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American History

"American history is longer, larger, more various, more

beautiful, and more terrible than anything anyone has ever
said about it.”
-James A. Baldwin
The focus of this course is the study of the historical development of American ideas and institutions
from the Age of Exploration to the present. Students will learn fundamental concepts in civics,
economics, and geography. They will obtain a basic knowledge of American culture through a
chronological survey of major issues, movements, people, and events in United States.

Why This Is Your Most Important Class

It Helps Us Understand Our Place in The World. The study of the past helps lead to greater
personal insight and comprehension of each person’s place in the grand sweep of the human
story. Historical study instructs how societies came to be and examines cultural, political, social,
and economic influences across time and space. It also builds the personal understanding of how we
as individuals are the sum of a vast range of past experience and actors ourselves in the process of
historical change.

It Teaches Us To Look More Deeply at Events. The process of historical inquiry—and what it
teaches students along the way—is history’s greatest reward. Studying history teaches that society is
not stagnant. It encourages us to question how and why things change, who drives those changes,
whose interests are served by them and who gets left out of the equation.

It Teaches Us To Be More Self-Reflective. Analyzing historic documents teaches us to be careful

readers. To be skeptical of one side of the story. To be aware of our own biases. To be more
independent-minded analysts, and more compassionate human beings. The best reason to study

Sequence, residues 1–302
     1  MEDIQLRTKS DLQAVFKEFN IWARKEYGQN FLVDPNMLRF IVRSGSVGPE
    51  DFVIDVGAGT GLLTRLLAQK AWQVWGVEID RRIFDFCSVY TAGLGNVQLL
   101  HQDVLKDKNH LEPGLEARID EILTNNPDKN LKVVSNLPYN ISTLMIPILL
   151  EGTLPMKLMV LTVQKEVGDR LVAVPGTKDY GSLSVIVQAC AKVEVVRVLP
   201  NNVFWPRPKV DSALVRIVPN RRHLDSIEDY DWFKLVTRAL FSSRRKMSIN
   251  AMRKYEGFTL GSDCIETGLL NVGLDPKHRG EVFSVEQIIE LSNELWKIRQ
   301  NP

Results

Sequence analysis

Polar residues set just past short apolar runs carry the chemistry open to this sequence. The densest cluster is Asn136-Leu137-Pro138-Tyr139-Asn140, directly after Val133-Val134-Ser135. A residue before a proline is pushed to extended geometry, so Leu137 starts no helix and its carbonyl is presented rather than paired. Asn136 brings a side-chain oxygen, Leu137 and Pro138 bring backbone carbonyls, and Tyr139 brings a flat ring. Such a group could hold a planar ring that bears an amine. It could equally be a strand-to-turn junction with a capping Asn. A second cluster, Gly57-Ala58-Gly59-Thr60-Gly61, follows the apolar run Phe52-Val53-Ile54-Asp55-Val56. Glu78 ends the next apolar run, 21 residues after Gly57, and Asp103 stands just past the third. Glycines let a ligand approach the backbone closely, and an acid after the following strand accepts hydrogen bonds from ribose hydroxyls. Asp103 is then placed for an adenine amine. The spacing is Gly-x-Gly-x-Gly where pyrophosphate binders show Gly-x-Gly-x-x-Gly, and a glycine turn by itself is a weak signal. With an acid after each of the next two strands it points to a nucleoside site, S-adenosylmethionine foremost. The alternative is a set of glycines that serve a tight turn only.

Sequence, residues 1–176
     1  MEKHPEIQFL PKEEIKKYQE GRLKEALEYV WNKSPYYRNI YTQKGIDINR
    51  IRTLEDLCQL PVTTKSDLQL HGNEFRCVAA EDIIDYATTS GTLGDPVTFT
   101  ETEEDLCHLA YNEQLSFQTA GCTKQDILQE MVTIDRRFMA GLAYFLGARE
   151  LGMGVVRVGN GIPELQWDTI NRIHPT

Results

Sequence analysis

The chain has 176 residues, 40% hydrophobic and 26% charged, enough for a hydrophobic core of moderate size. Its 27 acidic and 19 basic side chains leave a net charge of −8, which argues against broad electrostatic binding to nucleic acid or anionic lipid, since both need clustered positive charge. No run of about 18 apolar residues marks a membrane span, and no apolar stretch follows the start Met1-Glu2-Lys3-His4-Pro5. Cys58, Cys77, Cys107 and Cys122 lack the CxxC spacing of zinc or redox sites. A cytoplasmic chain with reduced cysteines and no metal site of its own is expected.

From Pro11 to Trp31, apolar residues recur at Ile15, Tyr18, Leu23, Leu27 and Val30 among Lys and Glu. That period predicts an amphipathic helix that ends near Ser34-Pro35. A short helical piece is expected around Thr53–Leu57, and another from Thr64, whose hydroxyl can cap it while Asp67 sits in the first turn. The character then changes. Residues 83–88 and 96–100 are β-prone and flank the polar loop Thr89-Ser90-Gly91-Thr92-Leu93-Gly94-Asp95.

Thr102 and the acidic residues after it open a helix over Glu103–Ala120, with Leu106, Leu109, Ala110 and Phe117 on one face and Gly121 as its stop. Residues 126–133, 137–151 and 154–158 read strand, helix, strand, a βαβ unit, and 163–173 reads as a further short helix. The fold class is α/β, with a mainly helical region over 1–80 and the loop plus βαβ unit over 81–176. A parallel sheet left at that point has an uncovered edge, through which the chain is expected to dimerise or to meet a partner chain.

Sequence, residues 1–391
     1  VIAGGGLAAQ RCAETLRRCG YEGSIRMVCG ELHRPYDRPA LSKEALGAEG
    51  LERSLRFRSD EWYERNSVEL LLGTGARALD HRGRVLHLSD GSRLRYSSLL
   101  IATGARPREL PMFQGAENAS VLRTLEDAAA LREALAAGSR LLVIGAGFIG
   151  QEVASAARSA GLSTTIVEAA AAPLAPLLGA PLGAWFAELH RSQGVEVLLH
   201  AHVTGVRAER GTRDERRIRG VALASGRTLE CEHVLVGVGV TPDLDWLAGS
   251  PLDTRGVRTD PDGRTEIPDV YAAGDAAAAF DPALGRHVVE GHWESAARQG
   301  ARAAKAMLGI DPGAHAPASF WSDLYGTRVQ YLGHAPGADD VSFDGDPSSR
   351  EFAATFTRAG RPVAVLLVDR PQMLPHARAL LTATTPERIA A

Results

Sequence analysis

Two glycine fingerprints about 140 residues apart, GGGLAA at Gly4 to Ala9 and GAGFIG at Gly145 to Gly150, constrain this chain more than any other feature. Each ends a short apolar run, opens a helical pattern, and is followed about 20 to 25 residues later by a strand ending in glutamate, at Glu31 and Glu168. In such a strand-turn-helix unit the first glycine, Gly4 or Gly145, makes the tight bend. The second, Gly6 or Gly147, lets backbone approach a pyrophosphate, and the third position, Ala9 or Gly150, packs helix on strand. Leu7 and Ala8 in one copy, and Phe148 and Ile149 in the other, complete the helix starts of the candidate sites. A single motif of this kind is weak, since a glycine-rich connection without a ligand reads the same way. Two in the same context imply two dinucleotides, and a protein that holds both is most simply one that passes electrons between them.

history is not to memorize facts, but rather to experience the historical process and learn to interpret
facts in a thoughtful, independent and meaningful manner.

What's In This Class?

This class focuses on events in American history from the discovery and colonization of the
Americas to the end of the Second World War. It attempts to explain to esplain the social, political,
and economic reasons for events such as the Indian Wars, the Revolutinary War, American slavery,
the Civil War, the eugenics movement, and our involvement in the two greatest wars in world

The class is lecture and discussion-based, with opportunities for students to work collaboratively on
long-term assignments and projects. Use of the Soctatic Seminar model will be used to eplore
important historical issues, and how they still affect us in our modern world. Additionally, we will be
looking at historical documents as supplementary material to aid our critical thinking.
The first nine weeks of the course will cover the colonial era through the Civil War. It will explore
the reasoning behind coloinization, explain the Clash of Civilizations concept vis-a-vis the native
population, the arguements for and against American independence, the institution of American
slavery, The Mexican-American War, the events that lead the United States to Civil War, and
finally, the war itself.

The second nine weks of this class covers the Industrail Revolution through the end of World War II.
Students will explore the Spanish-American War, the Rise of Progessivism, the eugenics movement,
Prohibition and the era of organized crime, the reasons behind Americ'a choice to enter the First
World War, the Roaring 20's, the Great Depression, the New Deal, our reasons for entering World
War 2, and finally, the war itself.